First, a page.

An MIT device that makes the world’s most precise rulers—with “ticks” only a few hundred billionths of a meter apart—could impact fields from the manufacture of computer chips to space physics.
MIT’s Nanoruler was used to create parallel lines and spaces only 400 billionths of a meter apart (the diameter of a human hair is about 250 times larger) across this silicon wafer. The wafer is 12 inches in diameter.
PHOTO COURTESY / RALF HEILMANN
The Nanoruler is 10 to 1,000 times faster and more precise than other methods for patterning parallel lines and spaces (known collectively as gratings) across large surfaces more than 12 inches in diameter. Such large surfaces are key to a number of applications involving gratings, such as larger wafers for the production of computer chips and higher-resolution space telescopes.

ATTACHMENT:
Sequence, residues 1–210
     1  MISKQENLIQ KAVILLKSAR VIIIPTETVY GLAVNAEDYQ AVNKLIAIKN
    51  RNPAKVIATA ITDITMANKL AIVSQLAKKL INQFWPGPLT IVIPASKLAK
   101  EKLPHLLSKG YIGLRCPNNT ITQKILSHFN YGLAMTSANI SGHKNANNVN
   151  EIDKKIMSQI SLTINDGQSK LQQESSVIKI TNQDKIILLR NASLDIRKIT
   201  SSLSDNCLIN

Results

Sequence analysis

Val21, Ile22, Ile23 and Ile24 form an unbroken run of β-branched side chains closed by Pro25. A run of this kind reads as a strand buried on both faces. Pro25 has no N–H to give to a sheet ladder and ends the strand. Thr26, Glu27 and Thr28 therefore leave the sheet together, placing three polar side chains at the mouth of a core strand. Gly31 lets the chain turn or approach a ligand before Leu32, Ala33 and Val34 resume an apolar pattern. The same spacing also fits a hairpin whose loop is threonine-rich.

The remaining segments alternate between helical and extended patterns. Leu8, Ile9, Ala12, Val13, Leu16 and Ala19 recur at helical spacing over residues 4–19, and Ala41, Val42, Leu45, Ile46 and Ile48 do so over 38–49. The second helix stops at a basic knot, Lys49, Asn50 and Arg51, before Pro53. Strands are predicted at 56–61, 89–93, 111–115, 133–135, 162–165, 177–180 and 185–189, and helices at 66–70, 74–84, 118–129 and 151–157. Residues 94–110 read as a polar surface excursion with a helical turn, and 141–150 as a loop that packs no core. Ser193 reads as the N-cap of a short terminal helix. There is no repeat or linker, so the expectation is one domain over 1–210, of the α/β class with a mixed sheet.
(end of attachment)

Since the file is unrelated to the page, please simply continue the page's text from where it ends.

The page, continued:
“Patterning gratings with precise control across large areas has bedeviled labs around the world for a long time, despite great efforts,” said Mark L. Schattenburg (Ph.D. 1984), leader of the team and director of MIT’s Space Nanotechnology Laboratory in the Center for Space Research (CSR).
Elizabeth A. Thomson | MIT
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